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Code of Ethics

June 5, 2009 • Darrell Shandrow Hilliker

One of the courses I took last semester was Journalism Ethics and Diversity. Our final assignment involved writing a personal code of ethics accompanied by an explanation of how we arrived at the conclusions in that code. I have decided to share this with all of you, my dedicated readers, in hopes that you may find it helpful in your own lives. As with everything else on this blog, all constructive feedback is appreciated.

Ethical Development Overview

“Living in a way that is transparent. It means allowing light to pass through with little or no interruption or distortion so that objects on the other side can be clearly seen, to be completely open and frank about things.” (Gilligan 236)

Ethical development in my life seems to focus primarily on an evolution from a rights based approach to Carol Gilligan’s ethics of caring theory combined with Sissela Bok’s concept of consulting one’s conscience and engaging in discussion with experts prior to making decisions. Louis Hodges’ circles of intimacy theory on privacy and trust also factor heavily in the way I form and maintain relationships.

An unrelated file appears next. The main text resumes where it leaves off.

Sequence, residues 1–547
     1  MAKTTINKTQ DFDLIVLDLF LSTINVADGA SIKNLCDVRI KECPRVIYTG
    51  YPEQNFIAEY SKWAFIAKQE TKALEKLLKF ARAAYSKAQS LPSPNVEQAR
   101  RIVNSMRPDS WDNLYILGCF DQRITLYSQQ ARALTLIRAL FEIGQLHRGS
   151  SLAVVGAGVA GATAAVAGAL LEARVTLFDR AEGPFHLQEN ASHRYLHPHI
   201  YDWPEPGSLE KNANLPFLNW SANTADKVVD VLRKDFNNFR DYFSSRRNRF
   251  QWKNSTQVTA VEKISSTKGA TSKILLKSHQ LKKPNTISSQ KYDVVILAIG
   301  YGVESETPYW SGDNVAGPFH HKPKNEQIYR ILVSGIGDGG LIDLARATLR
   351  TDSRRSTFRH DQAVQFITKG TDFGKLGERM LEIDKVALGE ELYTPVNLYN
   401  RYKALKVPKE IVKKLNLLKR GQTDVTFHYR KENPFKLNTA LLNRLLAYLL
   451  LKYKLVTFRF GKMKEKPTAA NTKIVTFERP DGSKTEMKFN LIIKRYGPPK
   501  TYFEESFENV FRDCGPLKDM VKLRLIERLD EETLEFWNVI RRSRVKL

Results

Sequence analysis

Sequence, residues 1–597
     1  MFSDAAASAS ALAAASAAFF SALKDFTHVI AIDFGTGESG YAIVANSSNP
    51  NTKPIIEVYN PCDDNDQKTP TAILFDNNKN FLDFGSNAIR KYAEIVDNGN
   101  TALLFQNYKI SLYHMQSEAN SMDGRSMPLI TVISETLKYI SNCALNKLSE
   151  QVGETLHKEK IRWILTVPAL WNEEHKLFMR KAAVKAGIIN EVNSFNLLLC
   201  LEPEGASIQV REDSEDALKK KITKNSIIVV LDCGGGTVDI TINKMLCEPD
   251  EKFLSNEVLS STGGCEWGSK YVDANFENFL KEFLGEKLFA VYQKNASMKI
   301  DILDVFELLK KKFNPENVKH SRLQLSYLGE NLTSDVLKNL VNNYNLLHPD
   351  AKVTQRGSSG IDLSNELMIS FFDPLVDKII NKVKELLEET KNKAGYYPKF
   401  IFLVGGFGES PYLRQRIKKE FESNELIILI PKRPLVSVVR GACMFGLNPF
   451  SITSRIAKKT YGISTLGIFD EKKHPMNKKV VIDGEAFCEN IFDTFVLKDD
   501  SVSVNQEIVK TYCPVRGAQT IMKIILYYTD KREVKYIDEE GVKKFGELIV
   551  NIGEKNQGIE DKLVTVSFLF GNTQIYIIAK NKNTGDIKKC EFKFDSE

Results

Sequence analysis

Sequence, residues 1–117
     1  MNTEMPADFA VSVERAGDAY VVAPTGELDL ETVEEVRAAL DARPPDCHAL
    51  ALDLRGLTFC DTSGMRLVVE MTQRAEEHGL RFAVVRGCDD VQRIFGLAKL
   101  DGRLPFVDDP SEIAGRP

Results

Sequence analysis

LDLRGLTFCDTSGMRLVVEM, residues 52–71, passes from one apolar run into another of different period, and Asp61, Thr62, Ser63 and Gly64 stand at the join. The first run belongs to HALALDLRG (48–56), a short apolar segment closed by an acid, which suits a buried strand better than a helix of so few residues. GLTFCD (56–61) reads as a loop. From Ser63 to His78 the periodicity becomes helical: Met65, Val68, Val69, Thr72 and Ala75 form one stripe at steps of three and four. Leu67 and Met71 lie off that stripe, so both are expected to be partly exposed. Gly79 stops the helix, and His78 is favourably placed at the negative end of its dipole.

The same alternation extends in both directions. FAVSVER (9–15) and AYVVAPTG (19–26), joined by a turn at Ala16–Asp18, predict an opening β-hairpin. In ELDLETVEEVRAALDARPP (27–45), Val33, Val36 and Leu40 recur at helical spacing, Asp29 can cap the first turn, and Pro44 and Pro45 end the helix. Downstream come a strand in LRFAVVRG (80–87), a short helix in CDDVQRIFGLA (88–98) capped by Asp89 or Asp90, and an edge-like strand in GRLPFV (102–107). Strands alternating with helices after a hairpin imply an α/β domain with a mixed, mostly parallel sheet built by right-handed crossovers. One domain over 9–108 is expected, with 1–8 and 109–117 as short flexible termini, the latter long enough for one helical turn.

Many aspects of my life as a person with a disability have compelled me to focus on protecting my rights to equality of opportunity in endeavors such as education and employment. Staunch accessibility evangelism has, from time to time, caused me to insist on enforcement of existing disability rights laws and to show a willingness to bend established rules in order to reach a desired, fair outcome. In this regard, especially when interacting with unknown individuals or those I deem to be on the wrong side of an issue, I have employed a strictly rights based ethical approach much like that suggested by Lawrence Kohlberg. (Patterson and Wilkins 343) In this way, correct results are my primary aim, there are times when the ends justify the means and making friends is definitely not high on the list of priorities.

When it comes to close friends and relatives, those in my second and third circles of intimacy, (Patterson and Wilkins 154) my approaches are much different. I focus on maintaining strong connections with those closest to me. In many cases, I place their needs and desires above my own when making important decisions. The relationship holds the highest priority over all other considerations. Despite a tough, no-holds-barred public exterior, I am actually a person who craves acceptance and approval, especially from those about whom I care the most.